Alexander Hamilton Papers

From Alexander Hamilton to William Skinner, 8 September 1791

To William Skinner1

September 8th. 1791.
Treasury Department


Your letter of the 29th. of August is just come to hand. My circular of the first of November which you had received required that you should not admit on loan the Certificates of the State of North Carolina upon its own account. The reason of this would operate in regard to the Comptroller2 or any other Officer of the State, or any individual who might be the acknowledged or secret Agent of the State, or to whom the State might have disposed of such Certificates. For if they are not receivable from the State itself on loan, it is on the principle that a Bond once surrendered to the Debtor, as satisfied or discharged extinguishes the Debt; and consequently there is in such case, no debt in existence, to be assumed. A transfer of the Certificates therefore to any other person even if real can make no alteration in the thing. You were of course right in refusing to receive them, in the name of the Comptroller and you were not less right in your objection to the Gentleman whom you did not name who effected the first and offered the second subscription you speak of, if by his conduct or other circumstances there was good ground to believe that the certificates he tendered were of the kind above mentioned. Were it not for the suspicion you express it would never have entered into my imagination that the Government of your State could resolve by any secret or indirect method to effect the receipt by you of certificates which you were not at Liberty from your instructions to receive. And even after what you communicate, I am obliged to suppose, either that your suspicion is without foundation or that some subordinate officer, whose zeal for the interest of the State makes him forgetful of what is due to its dignity to propriety and to fair dealing, has without authority or instruction resorted to so improper an expedient. Confiding that the Governor3 will be anxious to arrest a proceeding so exceptionable in every view, I desire that you will immediately make known to him your suspicion and the grounds of it, in order that being appraised of the thing he may take measures to prevent a repetition of the attempt. In my letter of the 12th. of August a copy of which accompanies this, you are authorised to receive the certificates in question from the State in order to their being submitted to me. This I did from a disposition to give the matter every possible chance which could result from the fullest consideration and with a view to taking finally the opinion of the Attorney General after hearing whatever might be offered on the part of the State. This you are still at liberty to do. But as you appear to think secret means were taking to pass the certificates upon you—you will do well to continue upon your guard. You will however receive the Certificates offered; giving a descriptive receipt for them as in other cases—but inserting in that receipt expressly that they are to be specially submitted to the decision of the Secretary of the Treasury whether receivable or not upon the loan. You will understand also that none of the receipts you have given in any case for certificates deposited are to be considered by you as conclusive upon the public. The Certificates are all liable to revision and may be rejected if they appear forged, or in any other respect not proper to be admitted on the loan. The only reason for a distinction between the forms of the receipts to be given for suspected certificates, and those to be given for such as are not suspected is to put purchasers on their guard.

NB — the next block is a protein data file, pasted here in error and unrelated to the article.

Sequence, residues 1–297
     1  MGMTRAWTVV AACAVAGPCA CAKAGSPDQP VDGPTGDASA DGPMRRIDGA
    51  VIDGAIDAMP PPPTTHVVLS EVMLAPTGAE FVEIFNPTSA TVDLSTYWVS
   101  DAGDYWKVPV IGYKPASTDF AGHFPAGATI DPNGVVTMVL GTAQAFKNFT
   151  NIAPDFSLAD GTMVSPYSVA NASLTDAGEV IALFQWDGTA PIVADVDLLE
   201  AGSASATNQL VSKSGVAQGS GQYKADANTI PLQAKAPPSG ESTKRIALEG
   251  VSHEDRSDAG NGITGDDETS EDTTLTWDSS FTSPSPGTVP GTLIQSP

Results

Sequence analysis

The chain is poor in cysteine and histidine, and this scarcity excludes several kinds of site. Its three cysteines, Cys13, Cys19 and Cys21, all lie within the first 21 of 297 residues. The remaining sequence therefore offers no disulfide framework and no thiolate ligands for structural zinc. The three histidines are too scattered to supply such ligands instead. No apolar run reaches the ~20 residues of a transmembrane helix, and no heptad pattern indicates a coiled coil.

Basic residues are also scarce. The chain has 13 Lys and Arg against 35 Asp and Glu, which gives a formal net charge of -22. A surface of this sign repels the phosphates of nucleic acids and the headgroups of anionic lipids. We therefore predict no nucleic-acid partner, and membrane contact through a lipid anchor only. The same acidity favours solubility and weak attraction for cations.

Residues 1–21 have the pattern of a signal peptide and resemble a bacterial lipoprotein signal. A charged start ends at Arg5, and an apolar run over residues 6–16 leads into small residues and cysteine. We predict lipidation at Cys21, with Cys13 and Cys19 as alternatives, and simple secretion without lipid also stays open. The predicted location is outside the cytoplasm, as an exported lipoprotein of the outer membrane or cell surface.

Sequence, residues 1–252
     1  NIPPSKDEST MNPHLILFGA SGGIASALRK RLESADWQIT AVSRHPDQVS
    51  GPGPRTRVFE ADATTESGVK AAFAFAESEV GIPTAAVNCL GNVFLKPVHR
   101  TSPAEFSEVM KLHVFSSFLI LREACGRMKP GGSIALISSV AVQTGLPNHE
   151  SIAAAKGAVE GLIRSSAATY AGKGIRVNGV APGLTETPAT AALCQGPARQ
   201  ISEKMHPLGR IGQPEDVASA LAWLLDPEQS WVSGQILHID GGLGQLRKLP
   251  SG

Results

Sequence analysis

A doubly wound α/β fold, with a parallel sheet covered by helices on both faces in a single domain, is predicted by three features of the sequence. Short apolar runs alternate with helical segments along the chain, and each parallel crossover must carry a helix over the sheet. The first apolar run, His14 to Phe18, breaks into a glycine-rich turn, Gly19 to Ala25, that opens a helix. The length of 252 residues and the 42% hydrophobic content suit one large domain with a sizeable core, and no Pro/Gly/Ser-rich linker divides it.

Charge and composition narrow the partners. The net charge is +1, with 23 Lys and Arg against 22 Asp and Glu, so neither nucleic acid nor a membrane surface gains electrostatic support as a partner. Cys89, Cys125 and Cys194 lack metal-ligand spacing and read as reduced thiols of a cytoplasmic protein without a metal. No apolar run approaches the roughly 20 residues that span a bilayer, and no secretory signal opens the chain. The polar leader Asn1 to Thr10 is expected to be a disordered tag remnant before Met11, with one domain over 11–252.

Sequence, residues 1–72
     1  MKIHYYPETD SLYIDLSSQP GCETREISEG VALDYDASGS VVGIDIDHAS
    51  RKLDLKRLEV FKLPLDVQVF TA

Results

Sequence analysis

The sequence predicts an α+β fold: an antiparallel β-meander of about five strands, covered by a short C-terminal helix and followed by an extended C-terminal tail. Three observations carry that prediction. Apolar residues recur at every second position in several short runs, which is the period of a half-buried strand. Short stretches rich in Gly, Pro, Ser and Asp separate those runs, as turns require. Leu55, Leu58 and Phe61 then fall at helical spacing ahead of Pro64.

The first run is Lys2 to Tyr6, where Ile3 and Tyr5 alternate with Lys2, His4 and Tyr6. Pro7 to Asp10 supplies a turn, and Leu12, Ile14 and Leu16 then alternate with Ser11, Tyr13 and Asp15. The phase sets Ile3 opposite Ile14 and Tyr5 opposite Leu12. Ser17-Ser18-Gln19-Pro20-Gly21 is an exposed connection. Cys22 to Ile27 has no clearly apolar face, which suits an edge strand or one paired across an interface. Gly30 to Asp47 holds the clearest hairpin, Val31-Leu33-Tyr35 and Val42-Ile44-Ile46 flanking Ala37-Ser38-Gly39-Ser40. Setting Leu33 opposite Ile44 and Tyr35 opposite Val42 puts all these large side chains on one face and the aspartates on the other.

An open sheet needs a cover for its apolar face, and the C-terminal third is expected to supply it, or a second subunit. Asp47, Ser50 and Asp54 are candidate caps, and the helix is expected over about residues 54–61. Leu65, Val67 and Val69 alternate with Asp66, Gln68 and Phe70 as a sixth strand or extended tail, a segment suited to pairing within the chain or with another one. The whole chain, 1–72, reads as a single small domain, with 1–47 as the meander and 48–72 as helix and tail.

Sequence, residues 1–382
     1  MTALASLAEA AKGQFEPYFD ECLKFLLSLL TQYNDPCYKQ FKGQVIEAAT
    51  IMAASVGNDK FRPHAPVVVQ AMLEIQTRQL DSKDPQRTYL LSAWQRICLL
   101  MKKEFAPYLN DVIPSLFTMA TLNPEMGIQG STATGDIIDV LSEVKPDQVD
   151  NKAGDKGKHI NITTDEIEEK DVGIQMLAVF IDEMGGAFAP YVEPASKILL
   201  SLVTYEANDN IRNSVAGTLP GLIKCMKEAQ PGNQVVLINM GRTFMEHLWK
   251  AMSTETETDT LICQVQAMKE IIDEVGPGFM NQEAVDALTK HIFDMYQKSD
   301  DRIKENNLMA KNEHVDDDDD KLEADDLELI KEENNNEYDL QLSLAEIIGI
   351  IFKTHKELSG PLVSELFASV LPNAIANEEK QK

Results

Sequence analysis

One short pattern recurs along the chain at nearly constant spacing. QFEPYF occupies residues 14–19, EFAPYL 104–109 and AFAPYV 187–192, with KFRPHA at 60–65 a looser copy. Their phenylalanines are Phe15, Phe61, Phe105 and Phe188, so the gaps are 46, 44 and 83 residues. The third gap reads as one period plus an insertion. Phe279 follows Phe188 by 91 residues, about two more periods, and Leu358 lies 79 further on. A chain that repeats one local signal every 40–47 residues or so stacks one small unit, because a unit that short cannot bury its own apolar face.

The attempts you have announced are of such a nature as to oblidge me to desire; that before you issue any certificates of Stock in lieu of the State debt deposited, you advise me of the total amount of the sums subscribed, noting all such cases in which you have reason to believe the Certificates are of the kind not properly admissible on the loan. In making this communication you will use all possible dispatch.

I am yours &c

William Skinner Esquire
Commissioner of Loans
for North Carolina.

Copy, North Carolina Department of Archives and History, Raleigh. This letter was enclosed in H’s “Report to the Governor of North Carolina,” July 31, 1794.

1For background to this letter, see the two letters that Skinner wrote to H on July 22, 1791, and Skinner to H, August 29, 1791.

2For the attempt which Francis Child, comptroller of North Carolina, had made to subscribe redeemed certificates of state debt, see Skinner to H, August 11, 1791.

3Alexander Martin.

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